It should be noted that the time interval between the peak points of the axial components Vx and Vy of the resultant striking velocity for the standing and step-forward hook sequences is estimated at 0.03 s in both cases. This fact brings up at least two questions. Does it mean that the subject fighter so strictly and automatically keeps this time interval in between the peak points of the axial components Vx and Vy for it was formed and fixed by his long-term practice? Or is it the cerebral cortex of the fighter that prevents the peaks from being overlapped by separating and sequencing the nervous impulses to activate first the synergic muscle group one and only then the group two when the fist is accelerated on the way to the target? Responses to these questions may hopefully be found in further studies that could be designed to:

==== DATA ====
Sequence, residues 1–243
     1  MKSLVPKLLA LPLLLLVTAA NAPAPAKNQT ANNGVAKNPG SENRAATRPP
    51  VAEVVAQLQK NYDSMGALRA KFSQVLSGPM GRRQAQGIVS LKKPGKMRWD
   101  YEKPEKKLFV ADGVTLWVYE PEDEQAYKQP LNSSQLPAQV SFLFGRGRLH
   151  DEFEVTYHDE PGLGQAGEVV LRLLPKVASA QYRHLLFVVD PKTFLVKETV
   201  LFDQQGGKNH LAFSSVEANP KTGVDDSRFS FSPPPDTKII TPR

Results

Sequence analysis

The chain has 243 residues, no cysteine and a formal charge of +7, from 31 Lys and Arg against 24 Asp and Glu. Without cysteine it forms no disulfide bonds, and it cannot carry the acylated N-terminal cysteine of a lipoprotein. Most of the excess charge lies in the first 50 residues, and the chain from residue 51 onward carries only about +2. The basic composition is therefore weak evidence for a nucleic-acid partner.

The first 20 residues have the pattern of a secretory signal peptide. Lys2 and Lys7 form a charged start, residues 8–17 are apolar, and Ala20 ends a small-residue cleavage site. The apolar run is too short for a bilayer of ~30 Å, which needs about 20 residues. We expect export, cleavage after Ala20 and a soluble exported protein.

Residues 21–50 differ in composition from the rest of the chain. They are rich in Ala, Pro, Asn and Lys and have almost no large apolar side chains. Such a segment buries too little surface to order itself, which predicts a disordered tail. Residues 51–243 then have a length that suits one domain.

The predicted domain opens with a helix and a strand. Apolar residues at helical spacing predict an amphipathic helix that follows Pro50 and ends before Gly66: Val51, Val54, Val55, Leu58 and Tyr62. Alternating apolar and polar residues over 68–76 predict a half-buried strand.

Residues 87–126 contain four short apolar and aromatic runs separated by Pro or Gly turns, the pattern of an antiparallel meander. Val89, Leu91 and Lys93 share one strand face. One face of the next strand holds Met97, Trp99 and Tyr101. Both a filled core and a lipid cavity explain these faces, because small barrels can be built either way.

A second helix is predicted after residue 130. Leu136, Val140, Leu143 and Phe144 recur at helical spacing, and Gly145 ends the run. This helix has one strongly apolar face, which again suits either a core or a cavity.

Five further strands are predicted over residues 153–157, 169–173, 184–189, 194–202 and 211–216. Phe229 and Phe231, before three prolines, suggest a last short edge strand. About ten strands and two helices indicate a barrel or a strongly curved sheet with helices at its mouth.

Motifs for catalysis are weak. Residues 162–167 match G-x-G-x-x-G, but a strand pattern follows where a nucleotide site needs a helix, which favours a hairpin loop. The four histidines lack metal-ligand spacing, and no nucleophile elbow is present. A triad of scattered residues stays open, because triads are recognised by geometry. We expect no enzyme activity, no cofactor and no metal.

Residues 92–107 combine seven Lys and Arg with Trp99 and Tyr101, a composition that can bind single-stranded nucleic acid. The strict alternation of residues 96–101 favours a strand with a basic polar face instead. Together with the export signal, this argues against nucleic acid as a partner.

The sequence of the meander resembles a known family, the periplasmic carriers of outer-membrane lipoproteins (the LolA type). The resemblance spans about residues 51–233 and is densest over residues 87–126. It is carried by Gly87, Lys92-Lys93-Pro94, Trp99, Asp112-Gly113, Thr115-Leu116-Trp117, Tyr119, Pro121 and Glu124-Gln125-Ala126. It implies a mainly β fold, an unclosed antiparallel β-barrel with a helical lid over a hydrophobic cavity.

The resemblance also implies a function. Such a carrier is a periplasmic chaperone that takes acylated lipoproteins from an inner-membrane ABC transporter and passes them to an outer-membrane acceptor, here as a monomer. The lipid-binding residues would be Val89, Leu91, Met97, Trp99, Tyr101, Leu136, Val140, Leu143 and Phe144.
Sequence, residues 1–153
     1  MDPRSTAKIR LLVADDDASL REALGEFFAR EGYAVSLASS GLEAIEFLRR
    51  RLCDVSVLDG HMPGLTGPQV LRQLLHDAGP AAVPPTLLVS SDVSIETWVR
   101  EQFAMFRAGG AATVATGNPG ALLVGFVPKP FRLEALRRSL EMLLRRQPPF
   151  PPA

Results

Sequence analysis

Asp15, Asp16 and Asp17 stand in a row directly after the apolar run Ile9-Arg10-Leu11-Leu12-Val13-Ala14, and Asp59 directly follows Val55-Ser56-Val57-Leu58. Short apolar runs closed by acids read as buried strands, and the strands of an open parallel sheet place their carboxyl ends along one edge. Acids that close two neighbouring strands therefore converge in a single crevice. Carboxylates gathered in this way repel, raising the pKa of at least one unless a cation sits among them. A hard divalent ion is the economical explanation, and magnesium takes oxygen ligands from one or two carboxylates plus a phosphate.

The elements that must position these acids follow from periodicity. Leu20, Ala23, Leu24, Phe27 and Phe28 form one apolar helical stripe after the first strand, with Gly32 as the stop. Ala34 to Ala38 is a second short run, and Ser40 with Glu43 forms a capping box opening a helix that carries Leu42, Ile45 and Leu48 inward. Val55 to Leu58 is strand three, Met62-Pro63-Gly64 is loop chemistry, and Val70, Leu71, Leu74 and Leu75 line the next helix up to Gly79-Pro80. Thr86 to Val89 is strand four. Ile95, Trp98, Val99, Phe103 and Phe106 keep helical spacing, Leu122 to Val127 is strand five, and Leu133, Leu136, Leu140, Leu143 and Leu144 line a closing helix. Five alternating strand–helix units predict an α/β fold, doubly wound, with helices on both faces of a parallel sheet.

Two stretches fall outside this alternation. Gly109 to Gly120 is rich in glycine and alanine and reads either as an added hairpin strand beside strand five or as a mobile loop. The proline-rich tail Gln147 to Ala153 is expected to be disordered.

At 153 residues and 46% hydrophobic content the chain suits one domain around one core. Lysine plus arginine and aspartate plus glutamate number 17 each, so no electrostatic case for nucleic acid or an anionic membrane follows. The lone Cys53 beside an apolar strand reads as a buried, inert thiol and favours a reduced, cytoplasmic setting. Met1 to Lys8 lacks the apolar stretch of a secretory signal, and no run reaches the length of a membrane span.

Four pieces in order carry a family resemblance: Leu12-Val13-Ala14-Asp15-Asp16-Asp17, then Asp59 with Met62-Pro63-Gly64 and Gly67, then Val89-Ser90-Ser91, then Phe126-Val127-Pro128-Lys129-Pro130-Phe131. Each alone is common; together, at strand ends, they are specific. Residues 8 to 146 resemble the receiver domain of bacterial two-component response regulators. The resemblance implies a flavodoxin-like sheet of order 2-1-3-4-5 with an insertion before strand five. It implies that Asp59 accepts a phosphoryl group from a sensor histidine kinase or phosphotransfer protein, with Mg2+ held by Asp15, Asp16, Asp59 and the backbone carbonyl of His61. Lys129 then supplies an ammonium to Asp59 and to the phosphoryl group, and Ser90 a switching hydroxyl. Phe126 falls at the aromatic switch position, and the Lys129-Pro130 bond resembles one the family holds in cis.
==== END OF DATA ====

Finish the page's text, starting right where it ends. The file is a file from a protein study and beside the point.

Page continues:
1. Put together a set of technical exercises with the arm being fast extended in the elbow joint and raised horizontally, with the trunk simultaneously turned right-to-left and the right arm explosively thrown by the pectoral muscle action;
  2. Put together a set of speed-strength exercises to make the relevant muscle groups fit for the explosive actions;
  3. Complete the individualized technical and speed-strength training of the subject athlete(s) based on the prior hook performance kinematics profiling data;
  4. In 4-6 weeks of the training process, make video captures of the right-hand hook performance sequence followed by the data processing and analyses using the relevant application software and hardware system; and
  5. Rate the technical and speed-strength progress of the athlete(s) with an emphasis on the resultant striking velocity of the hook to hopefully find responses to the above questions.